A TECHNOLOGY WHOSE TIME HAS COME
Dr. Felix Wankel first developed his working models of "rotary" engines in the 1950s.
Automobile manufacturers immediately recognized their tremendous promise - here was a powerful internal-combustion engine, smaller and lighter than prevailing piston engines that were also efficient and "vibration-free" because, unlike piston engines, its combustion force operated in the same rotational vector as its drive shaft!
The triangular rotor, revolving in a "figure-eight" pattern inside the oval housing, turns the drive shaft and functions as both piston and valves!
Here, too, was a powerful new engine with all the emissions benefits of the 4-stroke combustion process but with only a small fraction of the moving parts of a 4-stroke piston engine. Thus this new engine could greatly reduce their costs of manufacturing and maintenance.
So, in the 1960s and 1970s, virtually every major automobile manufacturer embarked on the race to try to adapt rotary engines to its own automobiles. Of these, only Mazda prevailed, creating an engine that is legendary in automobile racing circles even today. 2
2 In fact Mazda's rotary engine has a mystique of its own in the world of automobile racing - and was so successful in racing that it was banned from competing against piston engines! John Z. DeLorean's original plans for the iconic DMC-12 included a Citroen Wankel rotary engine, dubbed Comotar (developed by NSU and Citroën) Of course, that never happened and the DeLorean ended up with an underpowered 130 bhp V6 engine jointly developed by Renault, Peugeot and Volvo. However, some lads decided to hook on DeLorean's original vision and replace the ill-fated French V6 with a 300Hp strong, 2.0-liter 3-rotor rotary engine from the 1990 Mazda Eunos Cosmo.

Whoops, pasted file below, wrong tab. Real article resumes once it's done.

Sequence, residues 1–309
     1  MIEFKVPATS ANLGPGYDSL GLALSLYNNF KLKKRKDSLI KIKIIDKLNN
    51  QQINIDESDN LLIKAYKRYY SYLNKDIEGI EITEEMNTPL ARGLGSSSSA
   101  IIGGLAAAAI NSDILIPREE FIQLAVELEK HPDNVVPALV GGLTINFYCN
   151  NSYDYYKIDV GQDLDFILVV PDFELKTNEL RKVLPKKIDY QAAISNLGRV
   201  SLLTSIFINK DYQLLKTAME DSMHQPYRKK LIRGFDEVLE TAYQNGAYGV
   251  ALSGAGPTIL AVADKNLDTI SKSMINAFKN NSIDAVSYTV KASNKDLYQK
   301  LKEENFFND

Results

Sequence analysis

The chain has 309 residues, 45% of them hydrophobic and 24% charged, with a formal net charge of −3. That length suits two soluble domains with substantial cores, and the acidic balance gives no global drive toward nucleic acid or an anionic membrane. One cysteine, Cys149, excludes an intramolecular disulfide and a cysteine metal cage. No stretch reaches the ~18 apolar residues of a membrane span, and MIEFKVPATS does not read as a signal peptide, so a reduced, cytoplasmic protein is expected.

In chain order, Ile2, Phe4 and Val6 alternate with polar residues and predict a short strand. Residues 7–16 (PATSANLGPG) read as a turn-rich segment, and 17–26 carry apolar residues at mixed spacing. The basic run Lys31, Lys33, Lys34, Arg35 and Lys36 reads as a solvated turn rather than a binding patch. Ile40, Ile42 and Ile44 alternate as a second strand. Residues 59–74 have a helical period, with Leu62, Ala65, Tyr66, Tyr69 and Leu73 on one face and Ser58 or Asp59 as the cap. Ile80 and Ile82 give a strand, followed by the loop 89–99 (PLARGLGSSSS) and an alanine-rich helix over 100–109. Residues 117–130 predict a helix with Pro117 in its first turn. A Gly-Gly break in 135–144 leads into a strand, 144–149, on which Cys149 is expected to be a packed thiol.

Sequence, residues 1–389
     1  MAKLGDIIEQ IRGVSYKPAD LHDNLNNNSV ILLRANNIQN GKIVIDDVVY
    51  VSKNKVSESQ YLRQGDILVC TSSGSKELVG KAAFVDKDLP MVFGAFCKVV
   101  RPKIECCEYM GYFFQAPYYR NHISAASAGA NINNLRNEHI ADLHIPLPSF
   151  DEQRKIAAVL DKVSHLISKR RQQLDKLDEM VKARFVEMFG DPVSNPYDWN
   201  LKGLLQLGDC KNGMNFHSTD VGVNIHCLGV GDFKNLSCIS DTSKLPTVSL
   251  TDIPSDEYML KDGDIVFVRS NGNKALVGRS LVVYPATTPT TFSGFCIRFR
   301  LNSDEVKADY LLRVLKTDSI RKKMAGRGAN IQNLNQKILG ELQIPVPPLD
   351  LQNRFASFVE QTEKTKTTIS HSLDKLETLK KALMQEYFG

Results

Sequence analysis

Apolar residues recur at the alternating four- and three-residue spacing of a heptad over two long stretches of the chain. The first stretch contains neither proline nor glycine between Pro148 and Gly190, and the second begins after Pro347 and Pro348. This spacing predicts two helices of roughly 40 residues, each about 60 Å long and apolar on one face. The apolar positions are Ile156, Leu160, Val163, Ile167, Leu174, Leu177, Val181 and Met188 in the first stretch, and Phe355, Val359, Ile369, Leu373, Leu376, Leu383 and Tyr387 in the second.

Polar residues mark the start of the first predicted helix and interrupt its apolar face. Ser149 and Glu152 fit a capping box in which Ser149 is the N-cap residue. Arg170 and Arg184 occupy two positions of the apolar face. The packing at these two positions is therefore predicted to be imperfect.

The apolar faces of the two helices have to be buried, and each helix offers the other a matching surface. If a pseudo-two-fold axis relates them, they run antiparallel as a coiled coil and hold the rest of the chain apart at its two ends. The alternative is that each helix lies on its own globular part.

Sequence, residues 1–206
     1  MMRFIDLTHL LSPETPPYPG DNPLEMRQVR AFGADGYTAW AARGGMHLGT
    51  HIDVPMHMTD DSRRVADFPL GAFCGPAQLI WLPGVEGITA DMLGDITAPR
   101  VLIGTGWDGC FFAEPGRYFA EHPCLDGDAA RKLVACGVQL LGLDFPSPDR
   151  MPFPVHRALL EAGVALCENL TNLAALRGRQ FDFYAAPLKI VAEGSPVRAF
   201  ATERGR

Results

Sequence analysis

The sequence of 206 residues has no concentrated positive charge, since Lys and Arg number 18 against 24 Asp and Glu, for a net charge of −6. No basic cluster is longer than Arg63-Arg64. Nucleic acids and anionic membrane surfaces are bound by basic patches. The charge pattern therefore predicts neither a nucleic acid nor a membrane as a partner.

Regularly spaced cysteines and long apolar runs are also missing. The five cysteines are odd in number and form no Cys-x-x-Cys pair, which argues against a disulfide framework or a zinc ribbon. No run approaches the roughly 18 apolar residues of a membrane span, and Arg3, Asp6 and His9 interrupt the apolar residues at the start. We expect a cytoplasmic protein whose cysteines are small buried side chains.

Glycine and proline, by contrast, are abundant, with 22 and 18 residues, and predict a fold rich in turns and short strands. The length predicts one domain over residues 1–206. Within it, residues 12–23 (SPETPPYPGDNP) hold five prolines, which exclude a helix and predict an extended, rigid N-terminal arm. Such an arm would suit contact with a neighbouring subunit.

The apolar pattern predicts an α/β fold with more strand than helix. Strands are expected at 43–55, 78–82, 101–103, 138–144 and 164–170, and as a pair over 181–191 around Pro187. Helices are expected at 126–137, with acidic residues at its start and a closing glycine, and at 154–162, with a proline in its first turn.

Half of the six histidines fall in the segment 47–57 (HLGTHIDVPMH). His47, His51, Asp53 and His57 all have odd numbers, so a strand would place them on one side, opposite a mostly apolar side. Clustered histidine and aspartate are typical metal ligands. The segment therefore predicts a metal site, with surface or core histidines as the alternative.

But despite all this excitement and experimentation, rotary engines were not widely adopted by the automobile industry as a whole.
Why was this?
First, Wankel's rotary engines were somewhat less fuel-efficient than the best piston engines of the time. The Oil Crisis of 1973 made it clear for the first time that fuel efficiency would be a concern for manufacturers and consumers henceforth.
Second, early Mazda rotary engines had problems with their composite oil seals that were designed to prevent oil from migrating from the oil-cooled rotor into the combustion chamber, and this perception has been hard to erase even though Mazda redesigned its seals years ago.
Third, GM's Wankel engines did not comply with then-current emissions levels, and, in the 1970s, low emissions were just beginning to be recognized as a goal. GM cancelled further development of its rotary engines in 1974.
As a result, manufacturers and inventors returned to the task of trying to overcome the inherent inefficiencies of the piston engine's fundamental design. The resulting accretion of more and more add-ons has band-aided the fuel efficiency and emissions problems of piston engines, but have also rendered today's gasoline piston engines overly complex and overly expensive to manufacture and maintain.
For the past three decades, the tremendous potential of rotary engines has remained untapped.
Now, finally, with the advances and innovations being made by Freedom Motors, the rotary concept is poised for success in many industrial, commercial, recreational, power tool, military, and transportation applications.